Monday, August 24, 2009


1. navel, navel string, umbilical cord.
2. summit or top of a hill
or mountain, crest, crown of the head.
3. a common taro with many varieties.

There are many more meanings for piko, these above are just the more commonly known ones. Most common of them all is number 1 above. The navel. Pehea ko piko? How is your navel? This is used as a common question after saying aloha. Not always thought of as appropriate because figuratively piko refers to blood relatives and, lo and behold, the genitals. so pehea ko piko could be viewed as an inappropriate question by some (how's your genitals?). But, hey, it's all in the perception, right? Like so many things. But mostly, in poetic reference, it does refer to relatives and it is said that if one dreams of an injury to one's piko it is an omen of the death of a close relative. I would take it to mean that one of my close relatives got one of those piko rings. A bellybutton pierce. Ouch.I s that like taking a pin and poking it at a relative?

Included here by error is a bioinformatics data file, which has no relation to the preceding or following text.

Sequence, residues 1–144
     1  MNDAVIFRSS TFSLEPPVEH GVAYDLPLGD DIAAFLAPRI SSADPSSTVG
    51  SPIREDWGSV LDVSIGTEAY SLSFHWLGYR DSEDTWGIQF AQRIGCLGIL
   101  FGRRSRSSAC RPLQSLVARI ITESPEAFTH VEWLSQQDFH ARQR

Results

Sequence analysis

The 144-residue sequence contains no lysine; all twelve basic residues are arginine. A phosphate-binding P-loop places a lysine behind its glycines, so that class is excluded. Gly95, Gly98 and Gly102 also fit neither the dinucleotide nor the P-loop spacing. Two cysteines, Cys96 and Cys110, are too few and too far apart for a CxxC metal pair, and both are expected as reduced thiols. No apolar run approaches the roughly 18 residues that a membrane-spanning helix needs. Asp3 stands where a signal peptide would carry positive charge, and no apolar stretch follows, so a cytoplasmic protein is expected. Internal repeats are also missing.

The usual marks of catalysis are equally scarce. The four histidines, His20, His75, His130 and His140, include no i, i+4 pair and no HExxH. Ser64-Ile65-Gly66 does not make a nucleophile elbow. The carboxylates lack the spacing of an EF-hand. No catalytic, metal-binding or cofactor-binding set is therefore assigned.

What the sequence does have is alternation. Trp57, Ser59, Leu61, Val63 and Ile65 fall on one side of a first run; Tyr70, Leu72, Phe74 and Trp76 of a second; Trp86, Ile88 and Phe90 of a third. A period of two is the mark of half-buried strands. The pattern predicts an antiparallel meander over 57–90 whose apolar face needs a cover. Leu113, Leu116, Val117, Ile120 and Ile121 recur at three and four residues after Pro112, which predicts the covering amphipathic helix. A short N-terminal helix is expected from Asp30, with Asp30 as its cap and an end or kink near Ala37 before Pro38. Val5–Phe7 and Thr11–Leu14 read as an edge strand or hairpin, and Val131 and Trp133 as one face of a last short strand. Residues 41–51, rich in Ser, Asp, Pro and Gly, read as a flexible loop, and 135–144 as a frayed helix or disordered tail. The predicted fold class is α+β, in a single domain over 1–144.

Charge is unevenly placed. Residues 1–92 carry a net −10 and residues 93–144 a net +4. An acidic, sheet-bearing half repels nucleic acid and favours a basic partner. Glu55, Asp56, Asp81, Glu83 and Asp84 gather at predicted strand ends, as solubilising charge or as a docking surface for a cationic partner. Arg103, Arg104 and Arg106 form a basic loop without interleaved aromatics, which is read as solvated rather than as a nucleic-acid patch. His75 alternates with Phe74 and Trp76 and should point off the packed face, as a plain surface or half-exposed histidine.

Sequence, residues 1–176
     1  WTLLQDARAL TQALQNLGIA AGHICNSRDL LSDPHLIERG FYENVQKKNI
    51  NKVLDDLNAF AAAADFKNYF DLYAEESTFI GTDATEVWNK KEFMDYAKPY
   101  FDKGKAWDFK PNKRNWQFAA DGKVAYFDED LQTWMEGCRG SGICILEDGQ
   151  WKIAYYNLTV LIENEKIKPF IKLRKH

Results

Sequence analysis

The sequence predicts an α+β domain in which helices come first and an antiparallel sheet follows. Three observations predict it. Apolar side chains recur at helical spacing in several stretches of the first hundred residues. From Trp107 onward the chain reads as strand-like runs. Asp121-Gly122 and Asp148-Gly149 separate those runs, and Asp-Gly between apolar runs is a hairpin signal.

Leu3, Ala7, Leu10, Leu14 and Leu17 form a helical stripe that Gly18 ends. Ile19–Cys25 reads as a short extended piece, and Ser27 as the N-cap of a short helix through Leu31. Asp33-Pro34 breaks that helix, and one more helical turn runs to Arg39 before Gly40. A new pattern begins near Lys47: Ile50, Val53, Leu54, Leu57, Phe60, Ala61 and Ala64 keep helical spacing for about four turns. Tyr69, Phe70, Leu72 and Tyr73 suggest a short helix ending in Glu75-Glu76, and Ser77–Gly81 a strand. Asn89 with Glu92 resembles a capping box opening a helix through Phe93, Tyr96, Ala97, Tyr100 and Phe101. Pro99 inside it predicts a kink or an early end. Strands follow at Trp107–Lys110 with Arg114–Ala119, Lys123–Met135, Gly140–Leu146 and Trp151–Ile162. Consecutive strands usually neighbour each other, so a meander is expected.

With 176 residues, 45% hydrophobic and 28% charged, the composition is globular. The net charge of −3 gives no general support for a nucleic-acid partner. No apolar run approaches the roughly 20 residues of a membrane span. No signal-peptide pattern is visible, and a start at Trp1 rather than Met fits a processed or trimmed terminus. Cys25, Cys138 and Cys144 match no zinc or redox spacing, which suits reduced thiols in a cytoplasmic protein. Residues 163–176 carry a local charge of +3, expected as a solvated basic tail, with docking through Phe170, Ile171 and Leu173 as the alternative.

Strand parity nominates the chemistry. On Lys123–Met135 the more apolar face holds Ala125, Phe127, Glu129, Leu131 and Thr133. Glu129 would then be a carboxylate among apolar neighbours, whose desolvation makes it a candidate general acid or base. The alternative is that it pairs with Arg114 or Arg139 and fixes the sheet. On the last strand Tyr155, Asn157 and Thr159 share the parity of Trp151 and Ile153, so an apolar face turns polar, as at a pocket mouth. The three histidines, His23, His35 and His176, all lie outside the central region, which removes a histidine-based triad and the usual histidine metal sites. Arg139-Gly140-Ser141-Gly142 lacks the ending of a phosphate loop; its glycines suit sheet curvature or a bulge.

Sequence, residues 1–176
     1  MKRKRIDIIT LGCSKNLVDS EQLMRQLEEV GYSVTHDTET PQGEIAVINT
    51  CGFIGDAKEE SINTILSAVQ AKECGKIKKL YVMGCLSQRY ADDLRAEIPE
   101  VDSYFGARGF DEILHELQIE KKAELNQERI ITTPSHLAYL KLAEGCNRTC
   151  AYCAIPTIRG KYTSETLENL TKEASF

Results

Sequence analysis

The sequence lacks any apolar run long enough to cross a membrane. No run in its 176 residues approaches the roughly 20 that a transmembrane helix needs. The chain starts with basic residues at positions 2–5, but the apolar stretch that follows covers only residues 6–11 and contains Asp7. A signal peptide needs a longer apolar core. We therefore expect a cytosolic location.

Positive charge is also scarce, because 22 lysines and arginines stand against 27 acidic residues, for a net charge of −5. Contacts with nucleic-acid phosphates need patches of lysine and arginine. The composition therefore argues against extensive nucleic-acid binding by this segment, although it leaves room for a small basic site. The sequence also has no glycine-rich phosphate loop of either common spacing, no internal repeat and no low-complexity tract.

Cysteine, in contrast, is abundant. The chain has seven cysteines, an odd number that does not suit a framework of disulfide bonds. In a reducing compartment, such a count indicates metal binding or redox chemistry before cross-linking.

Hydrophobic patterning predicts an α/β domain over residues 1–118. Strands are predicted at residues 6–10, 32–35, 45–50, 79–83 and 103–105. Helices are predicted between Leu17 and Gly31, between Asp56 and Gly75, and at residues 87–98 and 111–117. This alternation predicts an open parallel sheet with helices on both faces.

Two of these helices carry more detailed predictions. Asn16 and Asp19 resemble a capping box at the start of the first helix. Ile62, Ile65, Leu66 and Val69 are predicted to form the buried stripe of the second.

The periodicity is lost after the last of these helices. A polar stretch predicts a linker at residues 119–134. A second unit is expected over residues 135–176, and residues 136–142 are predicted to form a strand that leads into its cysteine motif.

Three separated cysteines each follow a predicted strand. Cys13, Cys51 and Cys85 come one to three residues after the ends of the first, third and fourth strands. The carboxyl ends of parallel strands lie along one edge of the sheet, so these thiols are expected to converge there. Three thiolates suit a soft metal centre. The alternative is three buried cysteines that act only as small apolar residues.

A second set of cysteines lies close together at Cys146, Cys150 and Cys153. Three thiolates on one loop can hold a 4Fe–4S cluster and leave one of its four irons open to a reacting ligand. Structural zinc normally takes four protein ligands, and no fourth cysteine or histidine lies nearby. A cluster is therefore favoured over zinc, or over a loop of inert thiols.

Ku'u ewe, ku'u piko, ku'u iwi, ku'u koko - my umbilical cord, my navel, my bones, my blood (said of a very close relative)

Mō ka piko - cut is the umbilical cord (a friendly relation between closely related persons has been severed)

Also, after women gave birth they would take the piko and hide it in certain crevices of rocks (I don't think that any rock would do since there are some areas/rocks well known for this practice) to ensure their baby's good health. If the piko was taken by a rat, then it was thought that the child would grow up to be a thief, much like a rat.

He piko pau 'iole - an umbilical cord taken by a rat (a chronic thief)

My babies' piko are all well taken care of, thank you very much. Don't want no thieves around!

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